July 5, 2012 @ 8:23 pm | Filed under: Books, Picture Book Spotlight
William Steig’s When Everybody Wore a Hat captivated the both of us. It’s about what things were like when he was eight years old, in 1916. Little snippets of daily life: “Mom said Esther Haberman had a big mouth.” “For a nickel you could get a lot: a hot dog sandwich from a stand. A pound of fruit. A movie.” “There was no such thing as a hatless human being. Cops had hats. Criminals had hats. Even monkeys.” Rough, childlike art, yet so quintessentially Steig and brilliant in its rich storytelling—Rilla loved it, wanted the pages turned slowly so she could pore over every detail. Home run.
Good Dog Carl by Alexandra Day—three times in a row. She’s read it dozens of times before, of course; this is a perennial favorite here; but this time it tickled her more than ever. Real belly laughs, those amazing deep-chuckly ones that mean wonder and abandon. We never noticed the mischievous glint in Carl’s eye until today, right after the mother has left and the baby is climbing out of the crib onto his back. “He’s grinning!” Rilla cried. “I never saw that.” The aquarium-dunking and the living-room dancing made her laugh and laugh. “Again,” she begged. “Again!”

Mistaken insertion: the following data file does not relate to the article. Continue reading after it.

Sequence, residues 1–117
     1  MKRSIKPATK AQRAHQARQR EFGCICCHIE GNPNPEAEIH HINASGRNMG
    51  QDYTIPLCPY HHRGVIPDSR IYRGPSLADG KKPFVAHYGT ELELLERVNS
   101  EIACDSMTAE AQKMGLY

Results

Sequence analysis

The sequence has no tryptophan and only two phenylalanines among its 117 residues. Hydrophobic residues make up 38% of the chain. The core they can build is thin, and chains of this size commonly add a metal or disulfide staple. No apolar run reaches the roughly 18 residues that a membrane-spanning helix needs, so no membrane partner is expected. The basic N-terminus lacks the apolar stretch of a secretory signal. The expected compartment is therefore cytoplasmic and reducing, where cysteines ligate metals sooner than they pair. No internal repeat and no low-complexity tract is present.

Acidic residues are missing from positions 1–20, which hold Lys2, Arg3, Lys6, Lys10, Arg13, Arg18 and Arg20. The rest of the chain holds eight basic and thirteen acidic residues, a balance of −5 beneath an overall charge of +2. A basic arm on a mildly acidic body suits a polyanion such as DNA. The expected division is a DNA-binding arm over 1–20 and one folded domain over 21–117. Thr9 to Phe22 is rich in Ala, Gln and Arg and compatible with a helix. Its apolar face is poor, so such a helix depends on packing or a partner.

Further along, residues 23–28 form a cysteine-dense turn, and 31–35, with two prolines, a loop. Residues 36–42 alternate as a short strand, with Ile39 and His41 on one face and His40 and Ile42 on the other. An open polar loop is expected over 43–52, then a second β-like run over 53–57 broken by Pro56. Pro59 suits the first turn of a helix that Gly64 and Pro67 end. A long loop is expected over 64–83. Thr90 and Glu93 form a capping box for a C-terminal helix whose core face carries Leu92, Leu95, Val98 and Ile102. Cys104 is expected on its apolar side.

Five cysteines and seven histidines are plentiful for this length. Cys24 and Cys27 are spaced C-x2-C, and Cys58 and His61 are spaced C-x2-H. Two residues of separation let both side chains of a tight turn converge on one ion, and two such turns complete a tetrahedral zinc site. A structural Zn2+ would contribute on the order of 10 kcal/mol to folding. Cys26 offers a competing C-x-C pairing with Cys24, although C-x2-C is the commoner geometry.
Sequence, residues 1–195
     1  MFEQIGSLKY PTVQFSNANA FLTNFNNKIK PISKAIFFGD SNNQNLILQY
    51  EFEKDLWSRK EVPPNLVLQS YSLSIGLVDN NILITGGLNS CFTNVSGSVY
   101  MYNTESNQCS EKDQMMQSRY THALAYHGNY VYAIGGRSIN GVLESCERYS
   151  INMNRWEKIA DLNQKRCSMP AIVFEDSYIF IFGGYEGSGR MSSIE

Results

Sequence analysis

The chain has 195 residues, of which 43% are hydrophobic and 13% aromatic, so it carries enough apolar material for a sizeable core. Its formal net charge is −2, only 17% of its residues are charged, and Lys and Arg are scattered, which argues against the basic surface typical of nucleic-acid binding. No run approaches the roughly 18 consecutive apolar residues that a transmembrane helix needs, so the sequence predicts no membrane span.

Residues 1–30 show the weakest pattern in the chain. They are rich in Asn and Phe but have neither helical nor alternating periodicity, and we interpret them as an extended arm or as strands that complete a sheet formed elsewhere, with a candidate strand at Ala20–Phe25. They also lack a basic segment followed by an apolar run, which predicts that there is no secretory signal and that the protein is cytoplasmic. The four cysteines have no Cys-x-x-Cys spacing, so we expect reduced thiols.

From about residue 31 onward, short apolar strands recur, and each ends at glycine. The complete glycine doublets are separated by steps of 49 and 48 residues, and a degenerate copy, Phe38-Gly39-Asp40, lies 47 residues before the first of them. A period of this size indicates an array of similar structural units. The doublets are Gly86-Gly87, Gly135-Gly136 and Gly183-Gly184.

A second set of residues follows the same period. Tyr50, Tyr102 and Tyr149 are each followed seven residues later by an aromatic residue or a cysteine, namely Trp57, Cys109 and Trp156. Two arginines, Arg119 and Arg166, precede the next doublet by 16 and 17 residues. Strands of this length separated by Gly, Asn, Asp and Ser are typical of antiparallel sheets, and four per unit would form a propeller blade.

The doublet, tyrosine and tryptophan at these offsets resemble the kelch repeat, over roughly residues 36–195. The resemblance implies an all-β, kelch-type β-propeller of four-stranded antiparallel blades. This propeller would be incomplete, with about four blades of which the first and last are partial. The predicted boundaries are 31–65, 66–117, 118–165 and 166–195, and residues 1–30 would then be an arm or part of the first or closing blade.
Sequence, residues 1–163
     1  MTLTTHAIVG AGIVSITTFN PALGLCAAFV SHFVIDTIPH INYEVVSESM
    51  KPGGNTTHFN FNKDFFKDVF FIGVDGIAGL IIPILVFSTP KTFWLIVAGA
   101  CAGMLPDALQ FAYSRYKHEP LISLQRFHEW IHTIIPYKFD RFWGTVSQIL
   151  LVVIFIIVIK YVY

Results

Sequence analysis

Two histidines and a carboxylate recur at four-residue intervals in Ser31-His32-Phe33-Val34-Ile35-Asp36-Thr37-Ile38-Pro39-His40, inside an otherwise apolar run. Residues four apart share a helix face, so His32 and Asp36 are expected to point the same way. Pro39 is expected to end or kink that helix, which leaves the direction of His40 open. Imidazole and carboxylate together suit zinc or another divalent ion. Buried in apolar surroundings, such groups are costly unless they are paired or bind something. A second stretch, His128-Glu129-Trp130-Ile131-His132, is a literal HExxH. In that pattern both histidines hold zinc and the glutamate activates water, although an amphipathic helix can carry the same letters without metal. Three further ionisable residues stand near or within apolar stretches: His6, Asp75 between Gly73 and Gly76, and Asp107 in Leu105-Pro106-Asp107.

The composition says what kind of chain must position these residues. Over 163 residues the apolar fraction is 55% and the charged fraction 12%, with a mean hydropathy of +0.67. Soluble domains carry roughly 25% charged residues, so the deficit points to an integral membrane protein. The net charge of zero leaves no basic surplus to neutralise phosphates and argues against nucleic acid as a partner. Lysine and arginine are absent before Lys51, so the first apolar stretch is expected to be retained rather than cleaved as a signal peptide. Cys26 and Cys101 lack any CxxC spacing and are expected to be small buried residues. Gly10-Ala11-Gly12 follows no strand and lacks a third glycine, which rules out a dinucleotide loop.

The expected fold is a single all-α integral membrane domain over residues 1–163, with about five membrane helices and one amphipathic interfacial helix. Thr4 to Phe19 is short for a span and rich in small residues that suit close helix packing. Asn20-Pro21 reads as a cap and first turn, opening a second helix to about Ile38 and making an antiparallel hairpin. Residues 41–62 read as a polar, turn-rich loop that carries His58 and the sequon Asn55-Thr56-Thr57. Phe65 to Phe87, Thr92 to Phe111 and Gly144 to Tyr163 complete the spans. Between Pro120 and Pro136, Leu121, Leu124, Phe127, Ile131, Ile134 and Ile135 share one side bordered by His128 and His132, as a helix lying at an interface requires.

Let’s Do Nothing—another repeat favorite. She loves Tony Fucile’s art, loves to compare the expressions of the do-nothing boys to Bink and Gollie.
Anton Can Do Magic by Ole Konnecke. We’d read this once before and she squealed with delight when it turned up in the pile—“I’ve been looking for this!” Who knew? Anton fancies himself a magician—who wouldn’t, with that great big befeathered turban? This is a translation from German and the present-tense text feels a bit unusual in a picture-book context; most English stories of this kind are told in past tense. But it works well here, lending a sense of immediacy and tension to Anton’s unsettling discovery that he does, indeed, seem to have made his friend Luke disappear. Actually, now that I think about, the very simple, spare text is more like an early reader. I’m tempted to look for it in German: it might be just about my level.
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